Actual footage of me eating crackers.
|Here| Bright Beet Dip
Hummus is a go-to healthy snack staple because it's affordable, easy to keep on hand, and goes well with everything from bread to carrots. But after decades of eating hummus, well, it can get a little boring. And sometimes the new flavors I optimistically try at the store can be gag-inducing. To mix it up, I've been excited to add Midwest-based |Here| Vegetable and Bean Dips to my routine because I know I'll love their produce-driven flavors from Curry Lentil to Black Bean Tomato to Bright Beet.
Why do I know I'll love them? Well....I helped create them! This new company reached out to have me create and perfect the flavors for this line of dips that's made with Midwest-grown beans like white beans, lentils, and black beans. Then instead of industrial flavor powders, we use real fresh produce, herbs, and spices to create clean, interesting flavors. While I can clearly whip up a dip recipe at home, it's nice to have a go-to brand in the store to buy in a pinch. (And it's been wildly fun to see my recipes in Whole Foods, Marianos and Local Foods--look for them in the hummus section!) While the best seller is the White Bean Basil Dip, my personal favorite is the brilliantly colored (and totally natural!) Bright Beet Dip.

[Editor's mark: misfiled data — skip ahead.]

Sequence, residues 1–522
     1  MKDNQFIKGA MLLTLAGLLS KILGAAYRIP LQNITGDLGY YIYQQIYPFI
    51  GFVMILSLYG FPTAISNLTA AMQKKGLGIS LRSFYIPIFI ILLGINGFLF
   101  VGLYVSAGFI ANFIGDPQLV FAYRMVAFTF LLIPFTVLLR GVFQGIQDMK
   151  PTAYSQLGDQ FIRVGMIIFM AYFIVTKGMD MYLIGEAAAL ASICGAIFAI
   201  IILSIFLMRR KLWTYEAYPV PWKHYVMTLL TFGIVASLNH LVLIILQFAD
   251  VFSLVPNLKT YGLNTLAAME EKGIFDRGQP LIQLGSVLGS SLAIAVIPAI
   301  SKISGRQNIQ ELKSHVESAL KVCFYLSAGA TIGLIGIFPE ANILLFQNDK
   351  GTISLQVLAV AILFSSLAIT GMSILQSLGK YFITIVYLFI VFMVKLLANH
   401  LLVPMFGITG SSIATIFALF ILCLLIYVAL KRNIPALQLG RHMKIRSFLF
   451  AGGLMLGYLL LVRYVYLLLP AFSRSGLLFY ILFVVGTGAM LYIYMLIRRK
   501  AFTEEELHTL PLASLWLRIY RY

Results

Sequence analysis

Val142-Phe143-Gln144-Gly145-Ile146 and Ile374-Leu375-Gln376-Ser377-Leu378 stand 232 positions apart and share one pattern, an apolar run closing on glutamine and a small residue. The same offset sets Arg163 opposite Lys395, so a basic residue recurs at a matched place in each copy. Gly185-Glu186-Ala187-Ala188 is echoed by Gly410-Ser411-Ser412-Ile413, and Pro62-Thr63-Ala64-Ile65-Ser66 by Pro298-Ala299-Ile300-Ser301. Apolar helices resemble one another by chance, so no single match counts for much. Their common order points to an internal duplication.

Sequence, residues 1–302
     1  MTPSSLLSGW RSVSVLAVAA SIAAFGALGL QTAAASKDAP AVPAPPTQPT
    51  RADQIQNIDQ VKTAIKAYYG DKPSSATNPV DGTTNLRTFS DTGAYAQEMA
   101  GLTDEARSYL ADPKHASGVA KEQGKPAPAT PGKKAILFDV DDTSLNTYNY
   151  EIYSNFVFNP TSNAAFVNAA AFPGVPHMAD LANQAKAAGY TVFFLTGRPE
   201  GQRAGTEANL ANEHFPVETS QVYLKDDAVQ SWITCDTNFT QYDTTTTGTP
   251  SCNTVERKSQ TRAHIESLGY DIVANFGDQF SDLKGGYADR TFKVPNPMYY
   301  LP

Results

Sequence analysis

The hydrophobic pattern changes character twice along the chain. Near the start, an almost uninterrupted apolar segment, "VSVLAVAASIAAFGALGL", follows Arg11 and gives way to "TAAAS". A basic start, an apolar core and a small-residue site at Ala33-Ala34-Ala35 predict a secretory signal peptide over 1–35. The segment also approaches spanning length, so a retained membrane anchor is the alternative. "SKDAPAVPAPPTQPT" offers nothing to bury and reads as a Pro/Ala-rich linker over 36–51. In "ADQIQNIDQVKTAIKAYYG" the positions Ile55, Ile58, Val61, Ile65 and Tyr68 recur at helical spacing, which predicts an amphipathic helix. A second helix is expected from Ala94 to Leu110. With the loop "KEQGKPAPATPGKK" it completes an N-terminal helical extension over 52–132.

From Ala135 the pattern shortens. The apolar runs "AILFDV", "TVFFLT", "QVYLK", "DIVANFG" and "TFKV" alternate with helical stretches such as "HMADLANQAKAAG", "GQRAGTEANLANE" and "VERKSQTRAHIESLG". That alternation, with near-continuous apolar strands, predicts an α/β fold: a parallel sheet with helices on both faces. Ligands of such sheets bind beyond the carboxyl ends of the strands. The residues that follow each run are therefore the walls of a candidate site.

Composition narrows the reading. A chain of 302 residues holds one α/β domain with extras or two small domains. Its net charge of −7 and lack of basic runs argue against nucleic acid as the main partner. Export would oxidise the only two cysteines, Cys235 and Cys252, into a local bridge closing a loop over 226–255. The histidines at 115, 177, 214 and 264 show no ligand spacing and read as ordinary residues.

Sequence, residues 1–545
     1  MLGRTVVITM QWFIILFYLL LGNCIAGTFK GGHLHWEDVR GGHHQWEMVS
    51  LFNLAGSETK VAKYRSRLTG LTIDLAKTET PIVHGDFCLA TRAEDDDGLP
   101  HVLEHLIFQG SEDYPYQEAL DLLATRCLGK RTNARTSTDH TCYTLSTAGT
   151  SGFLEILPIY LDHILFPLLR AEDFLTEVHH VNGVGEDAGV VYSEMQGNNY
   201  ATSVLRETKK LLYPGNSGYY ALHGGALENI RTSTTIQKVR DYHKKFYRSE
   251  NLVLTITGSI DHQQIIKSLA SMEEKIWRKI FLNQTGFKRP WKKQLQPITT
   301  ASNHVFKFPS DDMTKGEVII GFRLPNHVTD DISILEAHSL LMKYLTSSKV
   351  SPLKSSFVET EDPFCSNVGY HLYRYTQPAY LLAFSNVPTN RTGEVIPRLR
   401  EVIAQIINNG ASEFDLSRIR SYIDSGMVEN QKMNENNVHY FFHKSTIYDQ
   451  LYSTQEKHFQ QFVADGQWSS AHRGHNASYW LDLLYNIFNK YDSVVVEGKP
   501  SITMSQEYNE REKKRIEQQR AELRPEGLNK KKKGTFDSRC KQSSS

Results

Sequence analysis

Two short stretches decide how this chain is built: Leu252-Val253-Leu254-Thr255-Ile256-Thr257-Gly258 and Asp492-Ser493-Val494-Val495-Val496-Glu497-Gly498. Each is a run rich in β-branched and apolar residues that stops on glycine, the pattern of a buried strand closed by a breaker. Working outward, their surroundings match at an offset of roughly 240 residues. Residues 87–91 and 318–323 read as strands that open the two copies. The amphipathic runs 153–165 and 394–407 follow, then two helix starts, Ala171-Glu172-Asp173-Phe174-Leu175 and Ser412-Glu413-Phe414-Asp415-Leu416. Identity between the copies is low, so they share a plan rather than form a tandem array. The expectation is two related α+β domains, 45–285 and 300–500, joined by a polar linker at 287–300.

Niloofar Persian Trail Mix
Trail Mix is another classic snack staple that can often get pretty boring. Or it's packed with filler ingredients and you get so little of the good stuff. A few months ago, I had the privilege to meet Chicagoland native Niloo Mirani and try her Niloofar Persian Trail Mix. Being Pakistani-American, I've grown up loving lots of Middle Eastern foods, but Niloo introduced me to this recipe for ajil or Persian Trail Mix. Using more unique ingredients like sweet figs and mulberries and combining them with salty cashews, almonds and walnuts, she's created a totally modern take on trail mix that I try to keep in my pantry. (I loved it so much I invited to her share it with you all at the last Healthy Happy Hour.) It's great to set out for guests too. You can find it online or at smaller retailers in the Chicago area like Dill Pickle Food Co-op or Local Foods.
Dang Coconut Chips